Emma is a first-year PhD student in the neurosciences program. Before coming to Stanford, she worked in the laboratories of Dr. Vivian Gama and Dr. Erin Calipari at Vanderbilt University while she was an undergraduate. After graduating from Vanderbilt in May 2022 with BA in neuroscience, Emma moved to Palo Alto to start at Stanford in the summer through the ADVANCE program. Thus far, Emma has completed laboratory rotations with Dr. Jennifer Raymond and Dr. Lu Chen, and she is currently rotating with Dr. Lisa Giocomo. Her areas of interest include learning and memory, memory consolidation, and epigenetics. Outside of the lab, she is part of the leadership team for the Community College Outreach Program (CCOP). She also enjoys listening to music, spending time with friends, and dancing.

Education & Certifications

  • BA, Vanderbilt University, Neuroscience (2022)

All Publications

  • Task parameters influence operant response variability in mice. Psychopharmacology Follman, E. G., ChevĂ©e, M., Kim, C. J., Johnson, A. R., Tat, J., Leonard, M. Z., Calipari, E. S. 2023; 240 (1): 213-225


    During operant conditioning, animals associate actions with outcomes. However, patterns and rates of operant responding change over learning, which makes it difficult to distinguish changes in learning from general changes in performance or movement. Thus, understanding how task parameters influence movement execution is essential.To understand how specific operant task parameters influenced the repetition of future operant responses, we investigated the ability of operant conditioning schedules and contingencies to promote reproducible bouts of five lever presses in mice.Mice were trained on one of the four operant tasks to test three distinct hypotheses: (1) whether a cue presented concurrently with sucrose delivery influenced the pattern of lever pressing; (2) whether requiring animals to collect earned sucrose promoted the organization of responses into bouts; and (3) whether only reinforcing bouts where interresponse time (IRT) variances were below a target promoted reproducible patterns of operant behavior.(1) Signaling reinforcer delivery with a cue increased learning rates but resulted in mice pressing the lever in fast succession until the cue turned on, rather than executing discrete bouts. (2) Requiring mice to collect the reinforcer between bouts had little effect on behavior. (3) A training strategy that directly reinforced bouts with low variance IRTs was not more effective than a traditional fixed ratio schedule at promoting reproducible action execution.Together, our findings provide insights into the parameters of behavioral training that promote reproducible actions and that should be carefully selected when designing operant conditioning experiments.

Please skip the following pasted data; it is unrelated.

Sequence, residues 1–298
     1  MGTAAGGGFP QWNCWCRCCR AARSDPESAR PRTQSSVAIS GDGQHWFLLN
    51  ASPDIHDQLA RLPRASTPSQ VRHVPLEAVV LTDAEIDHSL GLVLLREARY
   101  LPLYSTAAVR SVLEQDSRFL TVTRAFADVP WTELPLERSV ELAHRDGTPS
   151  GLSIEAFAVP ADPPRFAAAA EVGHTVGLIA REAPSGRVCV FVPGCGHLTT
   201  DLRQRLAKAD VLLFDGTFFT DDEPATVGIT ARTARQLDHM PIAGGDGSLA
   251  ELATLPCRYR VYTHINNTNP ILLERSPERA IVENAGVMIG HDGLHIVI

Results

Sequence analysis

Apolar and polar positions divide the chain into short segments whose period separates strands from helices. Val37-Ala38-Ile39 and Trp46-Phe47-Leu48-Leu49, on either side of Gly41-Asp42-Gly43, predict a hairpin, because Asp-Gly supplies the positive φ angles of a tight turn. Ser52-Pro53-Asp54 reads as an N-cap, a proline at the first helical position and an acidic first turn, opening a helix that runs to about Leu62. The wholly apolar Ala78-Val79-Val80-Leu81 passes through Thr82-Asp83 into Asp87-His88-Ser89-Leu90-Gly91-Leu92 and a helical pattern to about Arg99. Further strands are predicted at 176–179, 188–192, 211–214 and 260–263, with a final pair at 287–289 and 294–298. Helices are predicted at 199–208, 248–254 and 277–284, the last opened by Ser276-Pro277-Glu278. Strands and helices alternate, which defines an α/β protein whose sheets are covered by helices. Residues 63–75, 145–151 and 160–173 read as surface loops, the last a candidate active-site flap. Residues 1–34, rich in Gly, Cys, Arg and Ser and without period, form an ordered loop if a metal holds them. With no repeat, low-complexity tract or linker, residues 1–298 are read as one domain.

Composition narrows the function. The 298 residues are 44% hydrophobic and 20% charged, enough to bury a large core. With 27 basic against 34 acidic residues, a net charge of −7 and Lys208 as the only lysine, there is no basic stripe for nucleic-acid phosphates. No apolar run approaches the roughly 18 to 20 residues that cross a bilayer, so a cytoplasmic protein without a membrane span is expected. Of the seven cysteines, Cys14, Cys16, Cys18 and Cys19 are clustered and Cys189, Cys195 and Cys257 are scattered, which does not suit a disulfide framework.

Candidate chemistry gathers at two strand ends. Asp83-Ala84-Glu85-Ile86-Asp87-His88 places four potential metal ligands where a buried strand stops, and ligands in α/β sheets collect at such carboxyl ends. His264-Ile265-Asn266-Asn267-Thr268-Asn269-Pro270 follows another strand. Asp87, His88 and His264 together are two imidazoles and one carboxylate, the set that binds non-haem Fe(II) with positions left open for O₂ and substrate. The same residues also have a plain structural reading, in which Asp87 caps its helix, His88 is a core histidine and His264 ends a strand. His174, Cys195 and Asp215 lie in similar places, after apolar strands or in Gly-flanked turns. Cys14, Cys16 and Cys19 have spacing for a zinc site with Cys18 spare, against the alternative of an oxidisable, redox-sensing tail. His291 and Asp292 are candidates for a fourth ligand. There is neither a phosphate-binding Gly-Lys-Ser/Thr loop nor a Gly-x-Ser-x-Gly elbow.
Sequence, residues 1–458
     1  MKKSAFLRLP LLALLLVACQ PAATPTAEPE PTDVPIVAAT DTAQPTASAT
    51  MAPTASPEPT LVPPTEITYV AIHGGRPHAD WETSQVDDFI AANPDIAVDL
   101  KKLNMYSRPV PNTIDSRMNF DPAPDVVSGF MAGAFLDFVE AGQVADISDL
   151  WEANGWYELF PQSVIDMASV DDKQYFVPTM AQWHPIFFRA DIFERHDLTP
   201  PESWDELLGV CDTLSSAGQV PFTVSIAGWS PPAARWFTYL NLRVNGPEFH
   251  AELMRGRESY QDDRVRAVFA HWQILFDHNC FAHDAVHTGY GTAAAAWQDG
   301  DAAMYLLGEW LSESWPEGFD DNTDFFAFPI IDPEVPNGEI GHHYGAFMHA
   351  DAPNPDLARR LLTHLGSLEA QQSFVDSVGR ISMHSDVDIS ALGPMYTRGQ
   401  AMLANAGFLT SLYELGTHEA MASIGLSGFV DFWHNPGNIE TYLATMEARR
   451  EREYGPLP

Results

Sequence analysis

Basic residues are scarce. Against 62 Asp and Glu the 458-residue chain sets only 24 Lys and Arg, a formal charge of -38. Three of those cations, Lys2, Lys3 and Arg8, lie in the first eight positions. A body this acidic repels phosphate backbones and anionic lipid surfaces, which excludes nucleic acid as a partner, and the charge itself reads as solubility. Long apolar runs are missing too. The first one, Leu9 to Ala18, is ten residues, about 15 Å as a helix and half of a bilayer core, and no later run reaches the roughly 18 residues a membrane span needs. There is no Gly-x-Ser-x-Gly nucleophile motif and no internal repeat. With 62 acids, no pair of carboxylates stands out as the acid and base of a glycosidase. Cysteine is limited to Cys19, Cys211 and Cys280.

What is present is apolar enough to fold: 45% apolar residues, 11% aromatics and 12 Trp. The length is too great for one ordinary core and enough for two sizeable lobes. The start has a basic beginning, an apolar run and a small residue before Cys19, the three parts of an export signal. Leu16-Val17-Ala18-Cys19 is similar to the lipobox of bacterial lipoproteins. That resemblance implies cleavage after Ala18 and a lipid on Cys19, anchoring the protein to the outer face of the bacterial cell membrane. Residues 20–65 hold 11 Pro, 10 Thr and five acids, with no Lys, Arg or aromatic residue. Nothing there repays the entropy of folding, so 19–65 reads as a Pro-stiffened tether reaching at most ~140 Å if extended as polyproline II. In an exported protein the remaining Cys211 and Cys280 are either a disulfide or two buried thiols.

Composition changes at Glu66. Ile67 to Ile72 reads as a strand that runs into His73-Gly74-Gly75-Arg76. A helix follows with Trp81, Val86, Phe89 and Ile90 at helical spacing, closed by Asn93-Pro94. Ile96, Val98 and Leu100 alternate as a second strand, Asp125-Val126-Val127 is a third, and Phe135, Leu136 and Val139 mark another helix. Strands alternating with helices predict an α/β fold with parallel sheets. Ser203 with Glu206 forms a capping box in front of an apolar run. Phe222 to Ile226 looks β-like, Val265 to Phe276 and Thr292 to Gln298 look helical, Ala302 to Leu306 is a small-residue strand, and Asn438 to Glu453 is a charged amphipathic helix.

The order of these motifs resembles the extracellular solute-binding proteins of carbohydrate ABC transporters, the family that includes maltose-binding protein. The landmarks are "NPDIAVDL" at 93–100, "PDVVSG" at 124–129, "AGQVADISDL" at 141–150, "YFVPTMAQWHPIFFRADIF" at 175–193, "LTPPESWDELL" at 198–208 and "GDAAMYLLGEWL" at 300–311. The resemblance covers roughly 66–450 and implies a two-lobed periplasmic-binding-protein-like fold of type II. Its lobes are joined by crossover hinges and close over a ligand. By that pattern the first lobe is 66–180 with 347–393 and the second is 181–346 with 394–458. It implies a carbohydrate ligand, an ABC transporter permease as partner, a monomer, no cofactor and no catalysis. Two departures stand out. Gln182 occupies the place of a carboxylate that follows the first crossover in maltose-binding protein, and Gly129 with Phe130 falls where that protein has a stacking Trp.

View details for DOI 10.1007/s00213-022-06298-z

    View details for PubMedID 36572717